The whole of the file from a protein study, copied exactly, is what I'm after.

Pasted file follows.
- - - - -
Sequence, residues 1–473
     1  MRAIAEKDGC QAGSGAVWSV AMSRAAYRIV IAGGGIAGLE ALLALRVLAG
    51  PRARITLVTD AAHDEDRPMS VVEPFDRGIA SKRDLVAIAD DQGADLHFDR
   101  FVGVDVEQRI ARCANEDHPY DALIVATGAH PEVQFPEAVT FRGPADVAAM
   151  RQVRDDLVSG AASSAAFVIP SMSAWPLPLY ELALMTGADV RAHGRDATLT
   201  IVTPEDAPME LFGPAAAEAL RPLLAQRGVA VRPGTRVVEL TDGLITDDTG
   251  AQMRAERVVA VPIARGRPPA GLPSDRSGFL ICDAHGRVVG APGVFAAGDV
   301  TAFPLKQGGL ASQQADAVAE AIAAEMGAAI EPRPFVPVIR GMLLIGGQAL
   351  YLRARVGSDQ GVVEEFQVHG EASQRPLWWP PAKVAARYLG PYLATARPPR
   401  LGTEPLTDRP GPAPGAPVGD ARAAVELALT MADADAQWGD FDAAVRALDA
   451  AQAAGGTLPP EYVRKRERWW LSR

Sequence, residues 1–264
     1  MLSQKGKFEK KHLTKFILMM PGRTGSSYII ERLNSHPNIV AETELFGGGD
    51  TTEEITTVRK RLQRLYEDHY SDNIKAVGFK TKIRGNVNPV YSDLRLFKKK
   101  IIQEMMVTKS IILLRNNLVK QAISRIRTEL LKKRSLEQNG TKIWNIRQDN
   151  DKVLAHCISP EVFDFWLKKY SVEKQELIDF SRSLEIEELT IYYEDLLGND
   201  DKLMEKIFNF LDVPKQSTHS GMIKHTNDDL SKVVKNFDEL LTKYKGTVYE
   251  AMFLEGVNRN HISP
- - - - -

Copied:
Sequence, residues 1–473
     1  MRAIAEKDGC QAGSGAVWSV AMSRAAYRIV IAGGGIAGLE ALLALRVLAG
    51  PRARITLVTD AAHDEDRPMS VVEPFDRGIA SKRDLVAIAD DQGADLHFDR
   101  FVGVDVEQRI ARCANEDHPY DALIVATGAH PEVQFPEAVT FRGPADVAAM
   151  RQVRDDLVSG AASSAAFVIP SMSAWPLPLY ELALMTGADV RAHGRDATLT
   201  IVTPEDAPME LFGPAAAEAL RPLLAQRGVA VRPGTRVVEL TDGLITDDTG
   251  AQMRAERVVA VPIARGRPPA GLPSDRSGFL ICDAHGRVVG APGVFAAGDV
   301  TAFPLKQGGL ASQQADAVAE AIAAEMGAAI EPRPFVPVIR GMLLIGGQAL
   351  YLRARVGSDQ GVVEEFQVHG EASQRPLWWP PAKVAARYLG PYLATARPPR
   401  LGTEPLTDRP GPAPGAPVGD ARAAVELALT MADADAQWGD FDAAVRALDA
   451  AQAAGGTLPP EYVRKRERWW LSR

Sequence, residues 1–264
     1  MLSQKGKFEK KHLTKFILMM PGRTGSSYII ERLNSHPNIV AETELFGGGD
    51  TTEEITTVRK RLQRLYEDHY SDNIKAVGFK TKIRGNVNPV YSDLRLFKKK
   101  IIQEMMVTKS IILLRNNLVK QAISRIRTEL LKKRSLEQNG TKIWNIRQDN
   151  DKVLAHCISP EVFDFWLKKY SVEKQELIDF SRSLEIEELT IYYEDLLGND
   201  DKLMEKIFNF LDVPKQSTHS GMIKHTNDDL SKVVKNFDEL LTKYKGTVYE
   251  AMFLEGVNRN HISP